Traffic Ticket Defense – The Myths That Will Make You Look Silly in Court If Used

Traffic Ticket Defense – The Myths That Will Make You Look Silly in Court If Used

Whenever you choose to defend yourself in court against a traffic ticket, the big issue is credibility. The judge has the testimony of an officer of the law and is weighing it against the evidence that you present. If you present a bogus traffic ticket defense that’s actually based on a myth, then the judge probably won’t be able to take you seriously. It’s best to avoid these myths if you want fight your ticket.

Myth: A good excuse of why you were speeding can get you out of the ticket.

Have excuses ever worked in the past with judges or with the officer before the ticket was written? Of course these have happened to work from time to time. But this doesn’t mean it’s a solid defense. The biggest problem with the excuse method is that when you are attempting to excuse your actions like speeding too much you are also admitting that you were speeding. If you try this tactic, then no other defense is going to work since you have already admitted to breaking the law. At that point it’s up for the discretion of the judge and most likely he or she must find you guilty.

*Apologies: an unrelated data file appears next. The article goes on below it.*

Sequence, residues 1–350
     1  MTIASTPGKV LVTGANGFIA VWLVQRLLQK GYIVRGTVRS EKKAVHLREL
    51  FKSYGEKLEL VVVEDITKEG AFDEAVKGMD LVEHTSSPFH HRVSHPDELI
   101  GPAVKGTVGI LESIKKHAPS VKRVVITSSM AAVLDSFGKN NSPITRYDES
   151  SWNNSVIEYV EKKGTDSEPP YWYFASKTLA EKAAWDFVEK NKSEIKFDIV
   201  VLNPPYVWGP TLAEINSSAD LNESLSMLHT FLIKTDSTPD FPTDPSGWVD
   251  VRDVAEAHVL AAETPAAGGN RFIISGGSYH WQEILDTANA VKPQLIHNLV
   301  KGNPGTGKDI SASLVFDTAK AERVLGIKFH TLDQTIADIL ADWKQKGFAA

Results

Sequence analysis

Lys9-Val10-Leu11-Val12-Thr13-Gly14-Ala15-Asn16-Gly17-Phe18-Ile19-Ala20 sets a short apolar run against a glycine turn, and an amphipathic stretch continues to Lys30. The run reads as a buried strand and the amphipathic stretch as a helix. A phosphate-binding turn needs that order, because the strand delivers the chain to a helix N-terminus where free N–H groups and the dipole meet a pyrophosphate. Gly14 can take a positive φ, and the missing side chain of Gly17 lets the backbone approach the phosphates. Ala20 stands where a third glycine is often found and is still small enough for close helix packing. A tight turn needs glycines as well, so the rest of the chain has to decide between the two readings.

Myth: If your ticket says that no court appearance is required, then you don’t have to show up in court to beat your ticket.

No court appearance required simply means that if you want to admit guilt and pay the fine, you can go right ahead and do this without showing up in court. This doesn’t mean that you can somehow fight your ticket remotely outside the courtroom as some advocate.

Myth: Attacking the credibility of the officer on the witness stand will help you win your traffic defense case.

The big problem with this method is that these types of accusations or lines of questioning will be ruled as irrelevant to the case. In most cases if the officer had some serious negligence recently they wouldn’t be out on active duty to have pulled you over. If you do attack credibility, attack the credibility of the device or method the officer used to pull you over.

For example, in many jurisdictions the radar gun or laser gun must be checked and calibrated every few months. If the calibration documentation is out of date, that’s the type of credibility you can bring up in court since the machine may in fact not be reading speeds properly.